--- Comment #8 from 2010-08-22 07:39:44 PDT ---
Thank you for your answer David Simcha.

> Since everything you mention except the opApply issue is fixed either
> in 2.048 or in SVN,

Yes, indeed now all tests but the one that uses map() work.

I agree with more or less all your points here. And I have no final answer for
your doubts. Here are few comments.

> Even if these get fixed, supporting ref correctly would be non-trivial
> enough that I don't want to implement everything w/o ref support and
> then have to go back later and add ref support.

I see. Working and fixing the std lib is a lot of work, so I suggest to keep
Phobos as short (as in number of lines) as possible, so when bugs gets fixed
you don't need a week to update it.

A possible good solution is to wait and not support opApply until those bugs
are fixed, to reduce your work. Sometimes the typical laziness of the
programmer is positive.

> 2.  If we start building higher order iterables out of opApply, things could
> become slow as molasses through multiple layers of delegate calls.  I know LDC
> can inline these at least in simple cases, but what about when you have N > 1
> levels of them?

LDC can currently inline one level of opApply, but probably not much more than
that. Performance may indeed be reduced (even if we assume LLVM will get a bit
better with time).

On the other hand:
- D is not a functional language, D programmers don't write
map(filter(chain(map(... all the time. They usually use no more than one or two
level of lazy chaining.
- Several operations (like zip) are not possible with opApply, so this reduces
the places where they may be abused and where they can slow down code.
- In a normal program a good percentage of its code doesn't need to be
high-performance, for example you need to covert to numbers few (no more than
5) strings coming from args[] into numbers, and you use a
map!(to!(int))(args[1..$]). Many (but not all) of the usages of std.algorithm
are to shorten code, to make it more readable or less buggy, but they are not
used where max performance is necessary. This means that in practice a map()
performed on a struct that defines opApply is often not a performance problem.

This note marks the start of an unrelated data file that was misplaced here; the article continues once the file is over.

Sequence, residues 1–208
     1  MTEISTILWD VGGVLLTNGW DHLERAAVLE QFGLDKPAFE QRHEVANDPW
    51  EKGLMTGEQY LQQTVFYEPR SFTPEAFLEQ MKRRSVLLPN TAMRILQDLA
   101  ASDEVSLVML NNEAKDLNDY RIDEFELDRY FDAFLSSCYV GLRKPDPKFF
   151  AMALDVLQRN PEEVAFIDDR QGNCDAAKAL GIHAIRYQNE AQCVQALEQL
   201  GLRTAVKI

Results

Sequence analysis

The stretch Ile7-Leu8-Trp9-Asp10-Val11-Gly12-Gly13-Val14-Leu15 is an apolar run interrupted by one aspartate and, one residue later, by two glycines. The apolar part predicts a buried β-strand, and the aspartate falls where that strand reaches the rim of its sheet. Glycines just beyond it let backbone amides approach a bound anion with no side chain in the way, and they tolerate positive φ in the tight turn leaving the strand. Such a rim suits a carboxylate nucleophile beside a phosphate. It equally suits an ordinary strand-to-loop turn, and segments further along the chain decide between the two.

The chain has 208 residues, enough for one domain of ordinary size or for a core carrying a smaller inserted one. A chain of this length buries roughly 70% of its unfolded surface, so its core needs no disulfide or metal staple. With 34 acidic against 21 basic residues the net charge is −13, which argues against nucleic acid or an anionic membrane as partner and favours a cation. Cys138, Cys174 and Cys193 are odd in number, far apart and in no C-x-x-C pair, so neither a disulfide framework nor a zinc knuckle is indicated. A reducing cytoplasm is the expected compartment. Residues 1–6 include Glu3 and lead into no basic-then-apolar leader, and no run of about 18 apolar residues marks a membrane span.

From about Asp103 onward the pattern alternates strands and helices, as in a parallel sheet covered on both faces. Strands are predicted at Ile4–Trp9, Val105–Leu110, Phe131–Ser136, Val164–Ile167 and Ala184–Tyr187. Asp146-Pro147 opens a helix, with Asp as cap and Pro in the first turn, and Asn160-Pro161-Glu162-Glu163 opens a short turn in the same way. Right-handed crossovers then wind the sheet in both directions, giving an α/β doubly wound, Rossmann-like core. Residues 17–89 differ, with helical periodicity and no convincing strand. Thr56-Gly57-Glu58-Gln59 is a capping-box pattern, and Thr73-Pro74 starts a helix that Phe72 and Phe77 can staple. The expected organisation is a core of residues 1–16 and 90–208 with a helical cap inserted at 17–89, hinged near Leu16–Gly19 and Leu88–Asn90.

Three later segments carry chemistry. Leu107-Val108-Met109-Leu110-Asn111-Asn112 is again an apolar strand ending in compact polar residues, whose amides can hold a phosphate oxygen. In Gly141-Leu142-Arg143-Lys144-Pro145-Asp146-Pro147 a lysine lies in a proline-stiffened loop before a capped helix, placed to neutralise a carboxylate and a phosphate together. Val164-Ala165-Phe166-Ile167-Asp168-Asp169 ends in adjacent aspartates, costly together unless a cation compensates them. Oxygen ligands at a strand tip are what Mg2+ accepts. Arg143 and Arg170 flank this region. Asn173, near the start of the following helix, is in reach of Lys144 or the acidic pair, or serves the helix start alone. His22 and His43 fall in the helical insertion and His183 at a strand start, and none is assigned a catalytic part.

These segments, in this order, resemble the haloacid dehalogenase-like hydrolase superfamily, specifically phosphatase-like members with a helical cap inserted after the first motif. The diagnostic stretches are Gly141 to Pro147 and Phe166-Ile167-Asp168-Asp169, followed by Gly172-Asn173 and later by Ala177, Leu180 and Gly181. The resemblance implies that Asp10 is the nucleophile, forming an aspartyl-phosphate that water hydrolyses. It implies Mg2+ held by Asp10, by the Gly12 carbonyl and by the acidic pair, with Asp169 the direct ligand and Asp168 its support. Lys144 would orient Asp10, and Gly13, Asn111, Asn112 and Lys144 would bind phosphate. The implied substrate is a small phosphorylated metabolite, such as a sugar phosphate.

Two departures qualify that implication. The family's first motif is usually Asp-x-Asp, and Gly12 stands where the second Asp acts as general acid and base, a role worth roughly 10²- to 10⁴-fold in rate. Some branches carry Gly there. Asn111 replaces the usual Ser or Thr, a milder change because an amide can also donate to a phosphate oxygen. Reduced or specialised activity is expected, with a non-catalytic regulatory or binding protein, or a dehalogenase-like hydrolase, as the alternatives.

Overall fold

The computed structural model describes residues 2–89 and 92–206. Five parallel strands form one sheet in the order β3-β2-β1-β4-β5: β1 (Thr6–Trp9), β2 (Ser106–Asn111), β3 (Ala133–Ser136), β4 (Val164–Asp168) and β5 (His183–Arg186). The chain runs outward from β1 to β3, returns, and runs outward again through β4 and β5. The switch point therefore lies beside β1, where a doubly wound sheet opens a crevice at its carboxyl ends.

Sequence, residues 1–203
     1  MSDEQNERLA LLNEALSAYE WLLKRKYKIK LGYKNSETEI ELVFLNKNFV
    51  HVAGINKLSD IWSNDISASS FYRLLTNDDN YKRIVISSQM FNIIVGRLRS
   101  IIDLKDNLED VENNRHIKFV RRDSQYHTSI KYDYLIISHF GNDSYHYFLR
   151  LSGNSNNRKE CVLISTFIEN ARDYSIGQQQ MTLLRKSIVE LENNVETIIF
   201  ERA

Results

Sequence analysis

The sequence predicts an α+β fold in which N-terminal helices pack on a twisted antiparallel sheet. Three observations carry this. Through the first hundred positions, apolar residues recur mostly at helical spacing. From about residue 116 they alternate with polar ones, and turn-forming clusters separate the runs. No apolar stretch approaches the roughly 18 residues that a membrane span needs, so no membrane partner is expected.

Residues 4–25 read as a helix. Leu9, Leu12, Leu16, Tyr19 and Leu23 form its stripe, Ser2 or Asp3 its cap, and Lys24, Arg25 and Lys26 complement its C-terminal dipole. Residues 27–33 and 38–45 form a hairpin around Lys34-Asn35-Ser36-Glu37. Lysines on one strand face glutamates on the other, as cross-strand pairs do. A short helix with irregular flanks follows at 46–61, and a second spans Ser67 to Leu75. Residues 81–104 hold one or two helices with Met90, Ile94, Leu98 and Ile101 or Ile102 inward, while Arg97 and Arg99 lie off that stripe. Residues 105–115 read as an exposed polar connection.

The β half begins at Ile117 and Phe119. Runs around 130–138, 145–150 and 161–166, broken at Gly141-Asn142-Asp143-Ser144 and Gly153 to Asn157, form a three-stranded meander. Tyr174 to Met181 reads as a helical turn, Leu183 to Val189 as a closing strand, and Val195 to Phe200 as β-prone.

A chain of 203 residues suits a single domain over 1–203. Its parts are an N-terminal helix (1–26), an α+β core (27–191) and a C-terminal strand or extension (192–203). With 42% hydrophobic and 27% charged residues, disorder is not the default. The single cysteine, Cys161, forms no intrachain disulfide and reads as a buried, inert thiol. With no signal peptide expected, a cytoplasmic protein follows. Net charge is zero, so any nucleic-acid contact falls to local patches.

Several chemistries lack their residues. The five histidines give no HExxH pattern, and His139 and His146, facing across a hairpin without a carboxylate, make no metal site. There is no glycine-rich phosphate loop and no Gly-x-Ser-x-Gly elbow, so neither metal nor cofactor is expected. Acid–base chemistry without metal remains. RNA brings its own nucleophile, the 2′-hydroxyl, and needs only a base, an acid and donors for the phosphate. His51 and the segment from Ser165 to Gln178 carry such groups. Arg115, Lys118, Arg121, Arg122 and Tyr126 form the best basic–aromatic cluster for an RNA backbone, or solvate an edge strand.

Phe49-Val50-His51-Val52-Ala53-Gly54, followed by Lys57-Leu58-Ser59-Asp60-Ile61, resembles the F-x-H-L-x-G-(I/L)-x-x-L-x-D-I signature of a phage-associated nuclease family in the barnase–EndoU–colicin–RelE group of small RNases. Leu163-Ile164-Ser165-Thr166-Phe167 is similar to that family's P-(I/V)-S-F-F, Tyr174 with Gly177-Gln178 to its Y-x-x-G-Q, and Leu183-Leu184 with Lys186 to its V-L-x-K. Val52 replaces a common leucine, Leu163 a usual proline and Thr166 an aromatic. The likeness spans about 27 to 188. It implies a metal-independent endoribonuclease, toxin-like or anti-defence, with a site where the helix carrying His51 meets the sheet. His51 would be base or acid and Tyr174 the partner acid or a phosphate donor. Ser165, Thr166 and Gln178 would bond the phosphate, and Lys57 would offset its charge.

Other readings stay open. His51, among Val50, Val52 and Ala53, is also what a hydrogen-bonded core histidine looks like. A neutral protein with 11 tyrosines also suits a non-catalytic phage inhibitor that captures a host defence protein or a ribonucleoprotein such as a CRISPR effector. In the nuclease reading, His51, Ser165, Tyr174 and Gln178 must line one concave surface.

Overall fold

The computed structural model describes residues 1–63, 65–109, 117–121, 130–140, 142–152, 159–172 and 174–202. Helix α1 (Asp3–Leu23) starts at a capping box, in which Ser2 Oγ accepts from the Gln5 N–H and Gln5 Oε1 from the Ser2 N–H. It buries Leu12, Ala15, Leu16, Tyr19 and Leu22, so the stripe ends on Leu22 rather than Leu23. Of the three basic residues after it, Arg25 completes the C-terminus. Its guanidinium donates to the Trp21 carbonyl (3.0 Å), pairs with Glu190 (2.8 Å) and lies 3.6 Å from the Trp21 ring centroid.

(But programmers will need to be careful).

> 3.  This is a big enough change to the way std.range/std.algorithm work that I
> think it needs to be discussed first, rather than just being checked in one 
> day
> like a bug fix or minor enhancement.  Maybe you should bring it up on the
> newsgroup.

I will write a small post about this in the main D newsgroup soon then.

I don't have a final answer for your doubts. Generally I am not for pure
solutions, I think that ranges are good, but life is complex, and if you try to
cram everything into a single abstraction, you will have problems.

If std.algorithm doesn't support opApply at all, then opApply itself becomes
much less useful. In D1 I have seen that you can implement most of
std.algorithm using opApply only.

Supporting opApply in Phobos may be a lot of work, but it's work done once.
Then all D programs are able to use this hard work. This is why I like std libs
as flexible as possible, to make them support both fixed-sized arrays and
opApply, because this later makes user code simpler and more uniform, and this
Python shows that this usage uniformity is _very_ important to make the
language (its std lib) handy and quick to use.

Another thing about ranges is more general. opApply and ranges may be used for
the same purposes, like to create a lazy generator of items, or to offer a way
to scan the leaves of a tree through a simple foreach. But if you try to write
a tree visit using opApply or using the Range protocol you see that they are
not the same thing.

You may see other examples here:

For example (Python 2.x code):

# Inverse Gray code
def A006068():
    yield 0
    for x in A006068():
        if x & 1:
            yield 2*x+1
            yield 2*x
            if x:
                yield 2*x
            yield 2*x+1

It's not too much hard to implement this using opApply, the code is similar to
that Python code, just much more noisy. But if you use the Range protocol you
need to manage the state manually.

With this I am trying to say that the Range protocol doesn't replace opApply,
there are algorithms more naturally implemented with opApply. If you try to
cram everything into the Range idea, you risk losing something.

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